24 September 2018

A vision to bring three
world faiths together
under one roof in Berlin

The House of One is the vision Pastor Gregor Hohberg, Rabbi Tovia Ben-Chorin and Imam Kadir Sanci … with the hope of bringing Christians, Jew and Muslims together in one house in Berlin

Patrick Comerford

We have all heard jokes that begin with an opening line like, ‘A priest, a rabbi and an imam walked into a bar …’

But there is no joking about the way a priest, a rabbi and an imam in Germany are planning an interfaith miracle in the heart of Berlin, creating a sacred space for the three Abrahamic faiths under one roof.

The House of One is planned as a shared place of prayer and learning for the Jewish, Christian and Muslim communities, celebrating the three main monotheistic faiths and what they share and hold in common.

The House of One is the product of a grassroots group. The initial idea came the parish community of St Petri-St Marien, which is working closely with the Jewish community of Berlin, along with the rabbinical seminary, Abraham-Geiger-Kolleg, and the Muslim initiative for dialogue, Forum Dialog e.V.

When it is completed, Berlin’s House of One will bring together a church, a synagogue and a mosque under one roof, in a house of worship shared by Jews, Christians and Muslims. The sponsors hope the House of One will help to tear down the walls between religions just as the fall of the Berlin Wall removed the barriers between East and West Berlin almost three decades ago.

The House of One will be located at the Petriplatz (Petri Square) in the historical birthplace of Berlin, between Breite Straße and Gertraudenstraße.

The Revd Gregor Hohberg, the Lutheran priest at the Marienkirche or Saint Mary’s Church, first conceived of the idea of an interfaith house of worship in 2009, when archaeologists excavating a section of ground on Museum Island unearthed the remains of Berlin’s earliest church, the Petrikirche or Saint Peter’s Church, and the city’s Latin school, dating back to 1350.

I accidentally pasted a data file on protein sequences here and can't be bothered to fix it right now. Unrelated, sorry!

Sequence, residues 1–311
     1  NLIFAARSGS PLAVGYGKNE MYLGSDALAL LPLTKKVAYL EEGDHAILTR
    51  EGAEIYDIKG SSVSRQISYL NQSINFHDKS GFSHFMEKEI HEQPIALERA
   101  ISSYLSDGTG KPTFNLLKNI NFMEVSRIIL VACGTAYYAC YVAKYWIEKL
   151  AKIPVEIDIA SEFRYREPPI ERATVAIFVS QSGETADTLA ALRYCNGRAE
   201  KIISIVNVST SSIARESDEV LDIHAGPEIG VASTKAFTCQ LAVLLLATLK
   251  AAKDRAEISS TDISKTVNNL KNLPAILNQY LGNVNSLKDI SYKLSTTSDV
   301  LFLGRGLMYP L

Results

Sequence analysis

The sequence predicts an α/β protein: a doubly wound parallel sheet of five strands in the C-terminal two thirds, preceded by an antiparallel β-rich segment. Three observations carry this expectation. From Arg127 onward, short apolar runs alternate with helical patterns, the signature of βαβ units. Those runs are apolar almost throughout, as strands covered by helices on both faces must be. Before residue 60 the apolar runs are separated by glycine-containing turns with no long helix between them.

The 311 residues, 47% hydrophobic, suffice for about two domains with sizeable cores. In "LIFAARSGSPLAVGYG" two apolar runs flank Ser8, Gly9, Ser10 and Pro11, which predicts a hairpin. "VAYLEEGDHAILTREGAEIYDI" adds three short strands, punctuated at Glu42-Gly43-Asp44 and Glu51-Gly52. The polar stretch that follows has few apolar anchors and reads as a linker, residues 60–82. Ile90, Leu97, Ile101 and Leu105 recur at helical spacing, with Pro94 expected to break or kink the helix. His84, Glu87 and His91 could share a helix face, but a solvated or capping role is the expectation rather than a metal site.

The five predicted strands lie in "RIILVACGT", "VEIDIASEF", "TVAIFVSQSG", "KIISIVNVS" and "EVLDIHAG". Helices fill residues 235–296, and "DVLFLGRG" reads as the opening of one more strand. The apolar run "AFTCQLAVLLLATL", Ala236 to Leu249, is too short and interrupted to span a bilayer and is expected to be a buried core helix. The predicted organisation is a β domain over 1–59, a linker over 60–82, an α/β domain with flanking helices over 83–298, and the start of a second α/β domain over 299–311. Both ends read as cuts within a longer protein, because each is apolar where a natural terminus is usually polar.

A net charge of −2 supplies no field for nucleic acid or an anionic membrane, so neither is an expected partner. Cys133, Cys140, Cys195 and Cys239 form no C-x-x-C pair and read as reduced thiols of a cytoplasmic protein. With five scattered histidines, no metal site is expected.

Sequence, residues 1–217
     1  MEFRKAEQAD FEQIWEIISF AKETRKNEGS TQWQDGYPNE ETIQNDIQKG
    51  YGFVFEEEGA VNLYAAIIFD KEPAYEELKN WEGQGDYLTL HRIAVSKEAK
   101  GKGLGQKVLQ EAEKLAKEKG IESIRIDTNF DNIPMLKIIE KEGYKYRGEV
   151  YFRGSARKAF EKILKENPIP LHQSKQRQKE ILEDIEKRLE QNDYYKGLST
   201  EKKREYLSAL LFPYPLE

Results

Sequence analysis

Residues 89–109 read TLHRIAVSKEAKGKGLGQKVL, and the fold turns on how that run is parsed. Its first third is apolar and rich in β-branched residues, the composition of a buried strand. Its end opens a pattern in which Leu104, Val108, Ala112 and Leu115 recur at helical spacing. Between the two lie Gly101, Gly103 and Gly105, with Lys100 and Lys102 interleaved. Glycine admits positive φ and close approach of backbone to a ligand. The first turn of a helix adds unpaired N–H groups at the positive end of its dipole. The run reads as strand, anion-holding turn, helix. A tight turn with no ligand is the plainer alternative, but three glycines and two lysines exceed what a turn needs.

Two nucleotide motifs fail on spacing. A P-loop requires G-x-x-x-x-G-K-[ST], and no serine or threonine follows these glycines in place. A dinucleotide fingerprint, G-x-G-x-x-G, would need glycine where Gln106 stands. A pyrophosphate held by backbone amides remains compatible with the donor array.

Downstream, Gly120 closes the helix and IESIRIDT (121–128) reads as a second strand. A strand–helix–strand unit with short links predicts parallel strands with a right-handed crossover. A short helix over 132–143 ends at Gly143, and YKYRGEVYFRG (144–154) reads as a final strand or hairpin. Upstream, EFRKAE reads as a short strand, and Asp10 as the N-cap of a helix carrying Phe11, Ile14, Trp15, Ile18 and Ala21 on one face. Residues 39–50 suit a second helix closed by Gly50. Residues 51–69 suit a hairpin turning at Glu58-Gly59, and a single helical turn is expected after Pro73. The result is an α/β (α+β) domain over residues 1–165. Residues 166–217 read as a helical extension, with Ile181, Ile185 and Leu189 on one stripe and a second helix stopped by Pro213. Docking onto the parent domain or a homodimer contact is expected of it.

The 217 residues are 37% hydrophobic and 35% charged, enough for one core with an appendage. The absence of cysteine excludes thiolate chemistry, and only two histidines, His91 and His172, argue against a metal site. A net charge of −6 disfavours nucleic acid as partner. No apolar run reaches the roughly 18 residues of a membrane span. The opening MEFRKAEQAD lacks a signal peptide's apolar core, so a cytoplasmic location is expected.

The church was destroyed and rebuilt several times when the East German communist government decided to demolish the church in the 1960s, and more recently the site has been used as a parking lot.

When the archaeologists excavated the area, they ‘quickly agreed that something visionary and forward looking should be built on what is the founding site of Berlin,’ says Pastor Hohberg.

The House of One will be 40 meters tall, with a shared inter-religious space for 380 people at its heart, and a mosque, synagogue and church branching off in different directions.

The Berlin architect Wilfried Kuehn of Kuehn Malvezzi GmbH has designed an interfaith prayer house that has three separate sections, each in a different in style but with certain repeating motifs to emphasise the similarities and the differences between the Abrahamic faiths.

The communal room in the heart of the building linking the three areas and seating 380 people. Each of the worship areas will be the same in size but of different shape, allowing each faith to keep its own identity.

Architect Wilfried Kuehn’s model for the House of One (© Michel Koczy / The House of One)

The first three faith leaders heading the House of One project were the Revd Gregor Hohberg, Rabbi Tovia Ben Chorin, and Imam Kadir Sanci.